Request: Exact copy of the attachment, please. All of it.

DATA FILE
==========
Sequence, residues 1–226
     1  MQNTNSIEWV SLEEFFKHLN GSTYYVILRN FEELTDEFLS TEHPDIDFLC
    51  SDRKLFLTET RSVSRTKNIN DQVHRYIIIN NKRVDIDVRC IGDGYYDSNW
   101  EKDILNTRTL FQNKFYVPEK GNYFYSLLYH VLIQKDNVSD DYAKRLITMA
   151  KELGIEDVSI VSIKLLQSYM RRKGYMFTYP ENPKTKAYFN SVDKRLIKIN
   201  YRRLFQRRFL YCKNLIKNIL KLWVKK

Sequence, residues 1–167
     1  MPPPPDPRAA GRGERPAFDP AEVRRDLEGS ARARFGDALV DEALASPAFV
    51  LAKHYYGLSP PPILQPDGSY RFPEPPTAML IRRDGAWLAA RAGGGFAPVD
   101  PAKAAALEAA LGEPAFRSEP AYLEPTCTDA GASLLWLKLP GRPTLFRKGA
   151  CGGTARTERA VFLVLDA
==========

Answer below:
Sequence, residues 1–226
     1  MQNTNSIEWV SLEEFFKHLN GSTYYVILRN FEELTDEFLS TEHPDIDFLC
    51  SDRKLFLTET RSVSRTKNIN DQVHRYIIIN NKRVDIDVRC IGDGYYDSNW
   101  EKDILNTRTL FQNKFYVPEK GNYFYSLLYH VLIQKDNVSD DYAKRLITMA
   151  KELGIEDVSI VSIKLLQSYM RRKGYMFTYP ENPKTKAYFN SVDKRLIKIN
   201  YRRLFQRRFL YCKNLIKNIL KLWVKK

Sequence, residues 1–167
     1  MPPPPDPRAA GRGERPAFDP AEVRRDLEGS ARARFGDALV DEALASPAFV
    51  LAKHYYGLSP PPILQPDGSY RFPEPPTAML IRRDGAWLAA RAGGGFAPVD
   101  PAKAAALEAA LGEPAFRSEP AYLEPTCTDA GASLLWLKLP GRPTLFRKGA
   151  CGGTARTERA VFLVLDA